The Cartesian coordinates are the most widely used in Euclidean space of any dimension. However, there is another set of coordinate systems which can in some way be considered optimal.

Imagine hexagonal coordinates on the plane (see also my other question ):

enter image description here

They separate the plane into three sectors, while Cartesian coordinates - into four sectors. In this way it can be considered the most symmetrical coordinate system on a plane as well (if we apply rotation around the origin).

Also, hexagonal coordinate system can be used without negative coordinates involved.

I'm aware of the main disadvantage of such a system - it's not orthogonal.

The square of the Euclidean norm for this system can be written as follows:

$$||(a,b,c)||^2=a^2 + b^2+c^2-bc-ac-ab$$

However, there is a useful way to think of this coordinate system - as a projection of the three sides of 3D cube, in the direction of its main diagonal (see the picture above on the right).

We can extend this coordinate system to higher dimensions. For example, in 3D we have:

enter image description here

We can imagine the axes are pointing in the directions of tetrahedron vertices, or four vertices of a cube. The truncated octahedron is the only space filling Archimedean solid and represents the integer cell of this coordinate system (just like a hexagon on a plane).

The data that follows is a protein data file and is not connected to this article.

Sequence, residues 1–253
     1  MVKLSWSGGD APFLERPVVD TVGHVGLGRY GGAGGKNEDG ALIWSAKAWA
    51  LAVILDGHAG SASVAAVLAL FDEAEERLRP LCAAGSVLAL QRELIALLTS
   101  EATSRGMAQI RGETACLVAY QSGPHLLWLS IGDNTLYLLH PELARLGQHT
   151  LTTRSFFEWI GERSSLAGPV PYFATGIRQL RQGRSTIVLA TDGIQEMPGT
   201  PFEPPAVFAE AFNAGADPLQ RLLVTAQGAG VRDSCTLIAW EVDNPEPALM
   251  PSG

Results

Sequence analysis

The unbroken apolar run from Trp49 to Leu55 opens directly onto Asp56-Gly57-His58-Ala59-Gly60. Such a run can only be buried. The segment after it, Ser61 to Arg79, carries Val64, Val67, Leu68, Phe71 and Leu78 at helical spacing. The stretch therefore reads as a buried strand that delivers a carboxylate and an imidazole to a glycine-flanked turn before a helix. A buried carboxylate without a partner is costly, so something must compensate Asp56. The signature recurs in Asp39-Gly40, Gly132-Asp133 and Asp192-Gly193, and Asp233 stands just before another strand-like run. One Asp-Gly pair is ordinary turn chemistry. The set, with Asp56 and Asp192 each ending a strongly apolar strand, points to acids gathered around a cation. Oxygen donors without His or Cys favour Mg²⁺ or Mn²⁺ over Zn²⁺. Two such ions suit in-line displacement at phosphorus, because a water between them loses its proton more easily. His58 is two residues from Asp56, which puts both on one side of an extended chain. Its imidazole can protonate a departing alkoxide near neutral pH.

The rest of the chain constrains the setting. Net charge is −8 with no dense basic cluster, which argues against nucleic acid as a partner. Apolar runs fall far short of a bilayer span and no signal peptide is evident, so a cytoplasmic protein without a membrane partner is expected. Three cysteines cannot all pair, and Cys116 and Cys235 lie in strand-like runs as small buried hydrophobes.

These coordinates can also be imagined like a projection of four faces of a hypercube (they separate the whole space into four parts).

There is an obvious way to extend this coordinate system to any dimension $d$ with $d+1$ axes involved.

The question is - what are possible applications of this coordinate system in 3D and higher dimensions?

Any reference where this coordinate system is mentioned would be welcome as well.

I already know that hexagonal coordinates are useful, of course, but nothing about these higher dimensional cases.

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    $\begingroup$ (Demoting incorrect answer to a comment) It appears you're speaking of homogeneous or barycentric coordinates, which play a starring role in projective geometry. In the plane, they're used for, e.g., computer graphics and ternary plots. $\endgroup$ – Andrew D. Hwang Jul 17 '16 at 10:27
  • $\begingroup$ On further thought: You're right that they're not the same thing. Your coordinates are defined by orthogonal projection onto the hyperplane $H$ orthogonal to $e=(1,1,…,1)$, and are defined by where a line through a point of $H$ and parallel to $e$ hits the boundary of the positive orthant. $\endgroup$ – Andrew D. Hwang Jul 17 '16 at 10:28
  • $\begingroup$ @AndrewD.Hwang, thank you! $\endgroup$ – Yuriy S Jul 17 '16 at 10:33
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    $\begingroup$ Coda to my preceding comment: 1. Hexagonal coordinates can be viewed as living on the hyperplane $x_{1} + \dots + x_{n} = 0$, and are given by$$(x_{1}, \dots, x_{n}) - (\min x_{i}) (1, \dots, 1).$$2. The set of points having these Cartesian coordinates is the boundary of the non-negative orthant, which is not smooth along intersections of coordinate hyperplanes. That makes these coordinates vexing for applications requiring differentiability throughout $\mathbf{R}^{n-1}$, cf. homogeneous coordinates. $\endgroup$ – Andrew D. Hwang Jul 20 '16 at 11:47

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